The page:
And What If You Had The Time?

What would you really do with it?

Nobody seems to have any time these days.

But people have always been busy. There have always been families, jobs and social lives to consider. We have more ever-improving technology than ever to make our lives easier so we can ‘save time’ to enjoy our lives more. But how many times have you heard somebody say?

‘I’d love to but I can’t because I’m so busy/slammed/manic at the moment’?

There’s almost some kind of social pressure to be seen to be not just busy, but really busy, because if we’re not, then we have somehow failed in modern society’s eyes.

Being busy has become a calling card for the disorganized. And the fearful.

Don’t get me wrong. Many people have more than one job, family, and other commitments to manage and I highly respect the fact that these are challenging things to deal with.

However, I’m talking more about people in work especially. Those who want to be seen to be busy when the truth is they are just disorganized.

If we’re the managers of our own time, then we do have the time but often choose other priorities. Clearly, if you work for a company, your boss often manages your work time, but what about your personal time?

Just for a moment, let’s consider the following:

If you had the time that you want, how much time would that be and perhaps more importantly, what would you actually do with it?

Would you need one hour a day? One day a week? One week a year?

And if you had this time, what would you do with it? Write a book? Sit down and read? Go for a coffee? Go to the gym? Do more gardening? Travel? Build a house? Spend more time with family? Or spend it alone in deep contemplation?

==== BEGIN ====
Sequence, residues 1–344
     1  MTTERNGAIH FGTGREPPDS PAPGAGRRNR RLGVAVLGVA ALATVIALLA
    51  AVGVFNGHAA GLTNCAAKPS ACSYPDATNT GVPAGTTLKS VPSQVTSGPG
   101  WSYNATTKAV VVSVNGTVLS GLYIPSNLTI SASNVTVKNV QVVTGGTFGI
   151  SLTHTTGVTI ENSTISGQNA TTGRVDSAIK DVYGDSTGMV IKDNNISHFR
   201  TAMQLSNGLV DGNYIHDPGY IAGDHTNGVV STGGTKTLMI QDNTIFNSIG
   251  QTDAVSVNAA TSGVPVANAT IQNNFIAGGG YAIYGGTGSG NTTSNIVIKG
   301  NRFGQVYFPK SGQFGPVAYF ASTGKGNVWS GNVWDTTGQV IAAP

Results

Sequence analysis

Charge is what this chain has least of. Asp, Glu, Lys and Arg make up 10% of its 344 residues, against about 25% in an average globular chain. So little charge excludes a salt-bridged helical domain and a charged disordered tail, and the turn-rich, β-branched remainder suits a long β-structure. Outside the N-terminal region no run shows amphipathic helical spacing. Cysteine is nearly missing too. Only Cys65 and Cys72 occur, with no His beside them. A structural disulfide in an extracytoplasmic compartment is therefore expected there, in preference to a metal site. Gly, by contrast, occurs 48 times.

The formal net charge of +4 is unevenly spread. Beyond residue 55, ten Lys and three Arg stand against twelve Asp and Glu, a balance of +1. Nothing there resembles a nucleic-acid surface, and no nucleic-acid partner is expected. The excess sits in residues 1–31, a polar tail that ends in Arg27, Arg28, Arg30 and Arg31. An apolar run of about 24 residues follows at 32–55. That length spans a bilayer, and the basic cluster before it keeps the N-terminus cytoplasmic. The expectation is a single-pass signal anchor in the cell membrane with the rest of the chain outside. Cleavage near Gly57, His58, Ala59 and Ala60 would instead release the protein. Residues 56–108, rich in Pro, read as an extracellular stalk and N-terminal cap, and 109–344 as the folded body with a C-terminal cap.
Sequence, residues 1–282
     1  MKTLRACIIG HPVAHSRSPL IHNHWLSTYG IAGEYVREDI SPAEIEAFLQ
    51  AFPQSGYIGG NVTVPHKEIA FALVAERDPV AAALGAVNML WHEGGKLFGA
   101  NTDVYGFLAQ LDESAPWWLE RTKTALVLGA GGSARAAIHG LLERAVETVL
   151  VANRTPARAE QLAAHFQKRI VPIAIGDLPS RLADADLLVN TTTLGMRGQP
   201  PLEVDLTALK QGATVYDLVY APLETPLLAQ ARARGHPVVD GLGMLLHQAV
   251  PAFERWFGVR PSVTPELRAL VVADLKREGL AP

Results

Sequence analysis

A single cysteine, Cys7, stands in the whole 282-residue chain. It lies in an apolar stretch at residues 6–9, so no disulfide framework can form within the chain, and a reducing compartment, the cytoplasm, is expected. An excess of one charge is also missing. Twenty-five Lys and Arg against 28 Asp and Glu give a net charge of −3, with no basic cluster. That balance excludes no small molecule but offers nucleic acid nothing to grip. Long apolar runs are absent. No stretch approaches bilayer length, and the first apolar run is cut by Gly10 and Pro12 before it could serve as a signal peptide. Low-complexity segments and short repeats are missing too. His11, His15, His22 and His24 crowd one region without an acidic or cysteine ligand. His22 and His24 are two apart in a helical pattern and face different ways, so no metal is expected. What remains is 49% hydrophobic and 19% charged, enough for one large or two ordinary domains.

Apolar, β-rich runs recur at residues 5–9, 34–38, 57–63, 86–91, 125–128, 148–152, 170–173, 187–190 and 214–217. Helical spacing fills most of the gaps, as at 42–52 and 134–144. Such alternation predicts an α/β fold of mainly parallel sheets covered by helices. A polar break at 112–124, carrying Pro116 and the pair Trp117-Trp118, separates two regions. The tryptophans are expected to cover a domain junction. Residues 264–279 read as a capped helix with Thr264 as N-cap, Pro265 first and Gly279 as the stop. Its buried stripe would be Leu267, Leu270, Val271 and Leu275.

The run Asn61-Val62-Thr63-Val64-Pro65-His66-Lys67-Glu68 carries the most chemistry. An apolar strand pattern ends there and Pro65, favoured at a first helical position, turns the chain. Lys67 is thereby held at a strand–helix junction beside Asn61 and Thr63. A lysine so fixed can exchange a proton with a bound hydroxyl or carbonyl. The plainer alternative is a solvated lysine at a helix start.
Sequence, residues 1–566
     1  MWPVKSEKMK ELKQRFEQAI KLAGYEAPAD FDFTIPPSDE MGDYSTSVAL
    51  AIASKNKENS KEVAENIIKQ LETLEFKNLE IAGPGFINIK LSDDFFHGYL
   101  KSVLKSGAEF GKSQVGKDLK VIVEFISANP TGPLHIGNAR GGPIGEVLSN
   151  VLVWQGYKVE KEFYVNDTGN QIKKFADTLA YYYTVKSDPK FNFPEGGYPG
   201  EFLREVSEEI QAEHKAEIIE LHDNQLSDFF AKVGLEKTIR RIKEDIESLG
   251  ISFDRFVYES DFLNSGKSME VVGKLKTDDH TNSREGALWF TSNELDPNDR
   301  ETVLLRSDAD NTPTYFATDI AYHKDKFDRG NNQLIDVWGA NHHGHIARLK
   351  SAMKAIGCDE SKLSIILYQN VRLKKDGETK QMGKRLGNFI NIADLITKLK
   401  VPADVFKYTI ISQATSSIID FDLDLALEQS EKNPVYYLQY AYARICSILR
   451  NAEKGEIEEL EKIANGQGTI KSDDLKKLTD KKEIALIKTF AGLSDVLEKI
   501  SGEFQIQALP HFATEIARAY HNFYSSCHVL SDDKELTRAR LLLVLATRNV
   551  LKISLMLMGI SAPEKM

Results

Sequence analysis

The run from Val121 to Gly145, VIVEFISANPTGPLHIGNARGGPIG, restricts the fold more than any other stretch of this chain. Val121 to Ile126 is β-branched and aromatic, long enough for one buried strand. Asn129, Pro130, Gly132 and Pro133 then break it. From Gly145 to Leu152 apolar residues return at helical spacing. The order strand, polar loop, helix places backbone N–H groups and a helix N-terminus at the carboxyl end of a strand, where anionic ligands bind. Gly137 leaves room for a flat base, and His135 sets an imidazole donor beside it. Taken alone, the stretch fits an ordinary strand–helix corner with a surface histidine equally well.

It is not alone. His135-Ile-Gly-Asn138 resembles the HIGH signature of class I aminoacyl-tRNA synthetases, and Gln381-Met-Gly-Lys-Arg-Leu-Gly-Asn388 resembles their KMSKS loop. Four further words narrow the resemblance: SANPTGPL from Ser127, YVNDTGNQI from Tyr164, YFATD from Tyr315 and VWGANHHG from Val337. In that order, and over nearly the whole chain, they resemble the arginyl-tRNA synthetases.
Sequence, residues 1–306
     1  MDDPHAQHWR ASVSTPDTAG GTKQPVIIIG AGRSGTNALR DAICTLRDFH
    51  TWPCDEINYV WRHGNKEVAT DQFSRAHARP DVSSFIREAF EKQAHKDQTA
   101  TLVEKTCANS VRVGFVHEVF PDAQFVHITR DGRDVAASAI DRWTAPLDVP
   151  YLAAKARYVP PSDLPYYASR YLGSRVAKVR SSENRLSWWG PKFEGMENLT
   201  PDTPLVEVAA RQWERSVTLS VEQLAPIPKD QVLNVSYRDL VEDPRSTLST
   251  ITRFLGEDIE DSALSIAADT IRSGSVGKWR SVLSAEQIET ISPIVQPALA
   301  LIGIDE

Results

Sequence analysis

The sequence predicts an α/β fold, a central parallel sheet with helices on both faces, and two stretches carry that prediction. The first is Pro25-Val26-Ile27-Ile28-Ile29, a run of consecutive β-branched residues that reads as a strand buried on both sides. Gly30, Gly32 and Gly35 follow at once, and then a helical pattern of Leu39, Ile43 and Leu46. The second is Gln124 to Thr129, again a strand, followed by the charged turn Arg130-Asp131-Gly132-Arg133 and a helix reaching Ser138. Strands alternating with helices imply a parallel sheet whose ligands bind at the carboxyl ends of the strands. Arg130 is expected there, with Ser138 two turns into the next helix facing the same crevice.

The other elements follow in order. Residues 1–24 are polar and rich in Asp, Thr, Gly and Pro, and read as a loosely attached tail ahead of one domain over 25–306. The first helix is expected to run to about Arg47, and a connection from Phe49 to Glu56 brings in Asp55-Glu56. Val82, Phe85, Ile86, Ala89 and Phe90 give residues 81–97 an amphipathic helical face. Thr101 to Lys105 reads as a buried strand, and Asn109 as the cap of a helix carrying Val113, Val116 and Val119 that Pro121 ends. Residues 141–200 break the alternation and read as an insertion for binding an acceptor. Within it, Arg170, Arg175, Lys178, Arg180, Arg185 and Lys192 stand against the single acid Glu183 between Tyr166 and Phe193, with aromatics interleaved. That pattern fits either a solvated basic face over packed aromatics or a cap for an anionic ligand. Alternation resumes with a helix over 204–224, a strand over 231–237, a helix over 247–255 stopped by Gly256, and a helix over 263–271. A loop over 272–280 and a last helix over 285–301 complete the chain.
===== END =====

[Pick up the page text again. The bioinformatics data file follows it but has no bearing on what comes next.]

It can be incredibly difficult to manage our time effectively. I‘ve noticed people give various reasons, dare I say, excuses, as to why they can’t do something they want and time is one of the most common of those.

Focusing on why we can’t do something will not help us to achieve what we want unless we look at it from a more positive perspective. Clearly, everybody leads different lives, and the demands of family, work and many other things can have an impact on the time that we actually have or the time that we think we have available to us. But…

What if we gave ourselves permission to have the time we want in order to do what we want to do?

For example, I don’t seem to find the time to write as frequently as I would like and in truth, this is because I have prioritized other things. My lack of progress in this area is my responsibility.

With this in mind, I have now looked at my calendar, reprioritized, and set up 1 hour a day to focus on writing, posting, and commenting more often and I hope to increase this in the future, but one step at a time.

I’ve found that having smaller, more achievable, and more realistic goals is far more effective than having hugely ambitious and equally unrealistic ones that you will never achieve and then feel bad about when you don’t achieve them, killing any motivation you may have initially had.

Admittedly for some people, writing may not be one of the most important things to do, but it is for me at the moment. I enjoy it, would like to improve, and am prepared to make more time for it.

So, what’s stopping you giving yourself permission to have some time?

And if you had that time, what would you really do with it?

Photo by insung yoon on Unsplash

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